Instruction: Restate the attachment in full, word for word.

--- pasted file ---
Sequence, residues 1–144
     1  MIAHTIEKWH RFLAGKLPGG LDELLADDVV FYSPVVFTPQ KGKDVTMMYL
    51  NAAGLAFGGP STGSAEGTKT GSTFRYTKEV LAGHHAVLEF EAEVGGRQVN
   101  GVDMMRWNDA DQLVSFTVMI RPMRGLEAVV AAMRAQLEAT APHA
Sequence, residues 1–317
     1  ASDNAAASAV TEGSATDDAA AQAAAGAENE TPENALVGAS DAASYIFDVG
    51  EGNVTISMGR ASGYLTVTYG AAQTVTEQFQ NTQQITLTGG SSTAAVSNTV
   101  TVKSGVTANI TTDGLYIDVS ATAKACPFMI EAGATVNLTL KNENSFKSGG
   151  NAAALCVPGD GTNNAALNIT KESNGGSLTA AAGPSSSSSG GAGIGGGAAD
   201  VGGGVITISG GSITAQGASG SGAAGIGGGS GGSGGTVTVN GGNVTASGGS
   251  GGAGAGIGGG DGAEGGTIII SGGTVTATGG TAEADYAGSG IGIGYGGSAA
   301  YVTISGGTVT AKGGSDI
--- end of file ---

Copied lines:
Sequence, residues 1–144
     1  MIAHTIEKWH RFLAGKLPGG LDELLADDVV FYSPVVFTPQ KGKDVTMMYL
    51  NAAGLAFGGP STGSAEGTKT GSTFRYTKEV LAGHHAVLEF EAEVGGRQVN
   101  GVDMMRWNDA DQLVSFTVMI RPMRGLEAVV AAMRAQLEAT APHA
Sequence, residues 1–317
     1  ASDNAAASAV TEGSATDDAA AQAAAGAENE TPENALVGAS DAASYIFDVG
    51  EGNVTISMGR ASGYLTVTYG AAQTVTEQFQ NTQQITLTGG SSTAAVSNTV
   101  TVKSGVTANI TTDGLYIDVS ATAKACPFMI EAGATVNLTL KNENSFKSGG
   151  NAAALCVPGD GTNNAALNIT KESNGGSLTA AAGPSSSSSG GAGIGGGAAD
   201  VGGGVITISG GSITAQGASG SGAAGIGGGS GGSGGTVTVN GGNVTASGGS
   251  GGAGAGIGGG DGAEGGTIII SGGTVTATGG TAEADYAGSG IGIGYGGSAA
   301  YVTISGGTVT AKGGSDI